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County vows to regulate freebies for officials

2010-06-23 11:54

TAIYUAN - Authorities of the UNESCO-listed world heritage site ancient city in North China's Shanxi province vowed on Saturday to reform its reception system for officials, following media coverage of how providing free hospitality to officials from across the country has pushed the tourist city into the red.

Pingyao, a county-level city renowned for its well-preserved ancient city wall, has been paying the expenses of up to 100,000 official visitors a year on free sightseeing trips, which have cost the county 12 million yuan ($1.7 million) in ticket revenue each year, the Chengdu Business Daily reported last Thursday.

These visitors are officials at different levels across China, who say they are visiting Pingyao on official public duty. They are given free admission to the tourist sites along with free lodging and meals, the report said.

About 12,600 visited the city during the past Dragon Boat Festival. More than 2,000 of them, mostly officials, got in for free, it said.

"Local authorities are working on a better and more scientific reception system," Liu Guohong, publicity director of the county's Party committee, told China Daily on Sunday.

The detailed measures to tighten regulation will be made public later, he said.

"Authorities will learn from other tourist sites' experiences, revise present plans, eliminate loopholes and step up supervision to further standardize the government reception mechanism," he quoted a decision made on Saturday at a meeting held by the county Party committee, county government, and county branches of the People's Congress and the Chinese People’s Political Consultative Conference.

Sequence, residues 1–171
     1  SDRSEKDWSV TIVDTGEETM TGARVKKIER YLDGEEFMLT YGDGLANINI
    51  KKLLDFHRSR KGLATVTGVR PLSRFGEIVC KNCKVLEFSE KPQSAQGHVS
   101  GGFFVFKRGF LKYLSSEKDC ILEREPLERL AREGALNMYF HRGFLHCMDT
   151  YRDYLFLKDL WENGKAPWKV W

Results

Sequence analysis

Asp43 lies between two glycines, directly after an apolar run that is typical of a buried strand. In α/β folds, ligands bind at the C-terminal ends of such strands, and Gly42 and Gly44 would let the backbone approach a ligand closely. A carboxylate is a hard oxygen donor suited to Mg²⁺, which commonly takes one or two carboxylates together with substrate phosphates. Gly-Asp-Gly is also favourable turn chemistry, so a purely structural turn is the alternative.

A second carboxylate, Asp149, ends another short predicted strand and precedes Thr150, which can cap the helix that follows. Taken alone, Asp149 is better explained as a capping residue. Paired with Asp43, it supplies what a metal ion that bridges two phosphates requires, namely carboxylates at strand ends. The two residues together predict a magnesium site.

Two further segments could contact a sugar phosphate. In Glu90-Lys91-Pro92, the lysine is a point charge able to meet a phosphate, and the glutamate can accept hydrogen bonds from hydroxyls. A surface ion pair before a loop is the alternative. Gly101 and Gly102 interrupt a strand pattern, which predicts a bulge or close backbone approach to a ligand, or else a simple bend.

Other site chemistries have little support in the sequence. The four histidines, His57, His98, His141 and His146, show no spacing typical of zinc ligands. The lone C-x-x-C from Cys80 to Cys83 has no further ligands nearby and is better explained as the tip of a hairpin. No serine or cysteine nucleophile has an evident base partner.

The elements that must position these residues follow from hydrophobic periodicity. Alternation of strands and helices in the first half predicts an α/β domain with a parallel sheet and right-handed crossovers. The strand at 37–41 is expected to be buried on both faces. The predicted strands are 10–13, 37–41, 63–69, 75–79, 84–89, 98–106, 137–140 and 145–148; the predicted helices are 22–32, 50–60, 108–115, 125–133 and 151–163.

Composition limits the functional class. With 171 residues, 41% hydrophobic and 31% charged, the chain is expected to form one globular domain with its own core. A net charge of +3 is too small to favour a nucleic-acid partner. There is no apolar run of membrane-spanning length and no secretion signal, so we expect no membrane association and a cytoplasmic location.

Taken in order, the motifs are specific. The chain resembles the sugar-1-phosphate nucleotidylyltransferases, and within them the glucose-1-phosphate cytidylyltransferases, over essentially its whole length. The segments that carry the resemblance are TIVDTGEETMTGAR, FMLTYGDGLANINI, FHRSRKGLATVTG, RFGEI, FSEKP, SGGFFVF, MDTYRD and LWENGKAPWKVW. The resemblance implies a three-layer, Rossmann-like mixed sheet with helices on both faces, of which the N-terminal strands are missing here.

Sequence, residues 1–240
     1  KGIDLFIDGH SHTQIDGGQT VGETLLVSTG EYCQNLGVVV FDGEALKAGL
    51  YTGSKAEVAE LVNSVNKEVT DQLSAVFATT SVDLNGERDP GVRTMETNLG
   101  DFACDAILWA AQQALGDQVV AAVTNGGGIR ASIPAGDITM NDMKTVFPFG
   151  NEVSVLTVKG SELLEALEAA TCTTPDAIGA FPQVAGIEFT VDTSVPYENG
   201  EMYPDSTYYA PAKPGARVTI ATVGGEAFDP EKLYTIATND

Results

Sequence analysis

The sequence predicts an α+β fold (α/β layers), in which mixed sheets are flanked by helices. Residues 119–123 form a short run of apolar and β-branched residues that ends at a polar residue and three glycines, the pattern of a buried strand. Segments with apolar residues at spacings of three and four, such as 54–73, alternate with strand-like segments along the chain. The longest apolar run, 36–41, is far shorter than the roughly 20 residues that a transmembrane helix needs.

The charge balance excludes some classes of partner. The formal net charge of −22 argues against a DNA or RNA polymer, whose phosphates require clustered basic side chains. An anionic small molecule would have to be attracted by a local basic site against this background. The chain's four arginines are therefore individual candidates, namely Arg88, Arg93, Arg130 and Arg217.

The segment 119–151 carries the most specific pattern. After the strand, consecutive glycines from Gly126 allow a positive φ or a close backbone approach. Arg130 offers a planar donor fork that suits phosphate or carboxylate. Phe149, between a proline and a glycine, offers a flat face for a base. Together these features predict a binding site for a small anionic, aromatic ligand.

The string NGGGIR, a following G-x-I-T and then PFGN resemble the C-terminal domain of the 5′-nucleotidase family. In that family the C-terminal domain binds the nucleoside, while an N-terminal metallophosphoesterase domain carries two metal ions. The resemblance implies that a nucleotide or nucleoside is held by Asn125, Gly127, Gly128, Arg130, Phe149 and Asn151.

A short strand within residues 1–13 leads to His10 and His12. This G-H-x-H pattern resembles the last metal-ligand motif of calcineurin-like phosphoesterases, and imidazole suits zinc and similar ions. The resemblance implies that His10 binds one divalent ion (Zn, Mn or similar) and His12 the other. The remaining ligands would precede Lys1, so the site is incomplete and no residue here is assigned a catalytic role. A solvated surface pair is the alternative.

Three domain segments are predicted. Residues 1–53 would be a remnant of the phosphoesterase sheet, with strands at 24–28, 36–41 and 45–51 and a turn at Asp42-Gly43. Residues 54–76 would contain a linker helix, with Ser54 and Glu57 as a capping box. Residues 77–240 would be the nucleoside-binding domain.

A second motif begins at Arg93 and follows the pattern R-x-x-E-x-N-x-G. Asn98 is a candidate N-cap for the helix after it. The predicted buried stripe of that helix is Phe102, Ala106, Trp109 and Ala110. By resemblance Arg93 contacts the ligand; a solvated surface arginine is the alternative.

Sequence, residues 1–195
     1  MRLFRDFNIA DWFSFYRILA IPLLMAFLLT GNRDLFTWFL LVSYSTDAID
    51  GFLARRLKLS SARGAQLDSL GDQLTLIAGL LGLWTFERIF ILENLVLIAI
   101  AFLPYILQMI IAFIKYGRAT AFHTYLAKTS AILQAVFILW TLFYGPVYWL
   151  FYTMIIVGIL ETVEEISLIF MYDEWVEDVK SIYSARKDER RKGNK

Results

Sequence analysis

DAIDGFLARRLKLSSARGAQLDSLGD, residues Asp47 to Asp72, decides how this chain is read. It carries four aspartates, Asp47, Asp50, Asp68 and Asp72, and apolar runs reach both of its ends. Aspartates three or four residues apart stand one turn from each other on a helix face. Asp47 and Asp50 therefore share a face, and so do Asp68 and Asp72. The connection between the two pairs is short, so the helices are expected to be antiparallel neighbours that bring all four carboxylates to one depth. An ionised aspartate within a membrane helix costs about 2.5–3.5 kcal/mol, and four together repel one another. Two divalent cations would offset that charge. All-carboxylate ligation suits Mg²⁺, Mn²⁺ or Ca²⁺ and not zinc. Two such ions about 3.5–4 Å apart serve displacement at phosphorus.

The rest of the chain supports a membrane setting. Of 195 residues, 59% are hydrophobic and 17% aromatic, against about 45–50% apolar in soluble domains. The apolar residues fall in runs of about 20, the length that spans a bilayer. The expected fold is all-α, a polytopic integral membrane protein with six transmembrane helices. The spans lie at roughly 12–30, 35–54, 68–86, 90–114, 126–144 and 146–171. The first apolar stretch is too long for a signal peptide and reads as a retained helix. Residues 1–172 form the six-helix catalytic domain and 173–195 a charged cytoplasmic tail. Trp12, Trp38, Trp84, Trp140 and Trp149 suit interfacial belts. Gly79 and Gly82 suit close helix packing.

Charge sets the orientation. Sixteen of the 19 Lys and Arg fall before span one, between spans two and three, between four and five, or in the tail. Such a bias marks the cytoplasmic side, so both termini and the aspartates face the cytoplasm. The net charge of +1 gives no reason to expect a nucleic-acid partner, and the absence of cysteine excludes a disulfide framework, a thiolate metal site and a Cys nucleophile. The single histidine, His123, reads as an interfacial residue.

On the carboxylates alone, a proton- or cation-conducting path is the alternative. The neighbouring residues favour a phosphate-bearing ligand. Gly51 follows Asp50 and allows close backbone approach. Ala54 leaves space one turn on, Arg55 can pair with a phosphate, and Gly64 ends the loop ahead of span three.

About 400 ancient buildings in the city need repairs, but preservation efforts have been postponed due to lack of money, and part of the ancient walls even collapsed, an unnamed senior official of the ancient city's administrative commission was quoted by the newspaper, adding that there existed a 2 billion yuan financial gap for protection of the ancient city.

But Liu denied that the free reception for officials has caused any great financial pressure.

Local government took measures several years ago to lower the expense of receiving official visitors, whose numbers dropped from 100,000 to 40,000 last year. But the local authority has never made public the information about expenses, the report said

Li Chengyan, a professor on anti-corruption from the school of government at Peking University, told China Daily that Chinese officials' travel expenditure under the name of public business could exceed 200 billion yuan a year, based on his conservative estimate.

"Many local governments, especially those of big cities or at tourist sites like Pingyao, have been under tremendous financial pressure by offering free reception to officials from various government agencies," he said, adding that a single move from a local government cannot change the whole system.

Government agencies have become accustomed to enjoying free travel under the guise of official business, which actually is a universal phenomenon of corruption, he said.

"To solve the problem and prevent corruption, central authorities should lay down a law, stipulating that the budget expenditure - in terms of civil servants' business trip, use of car and hosting guests - must be made public every year," he said.

An accountability system and an independent supervisory mechanism also should be followed, he said.

However, the professor admitted the financial burden of local governments will not be eased anytime soon, as central authorities have no plans to release the budget expense in the near future, he said.

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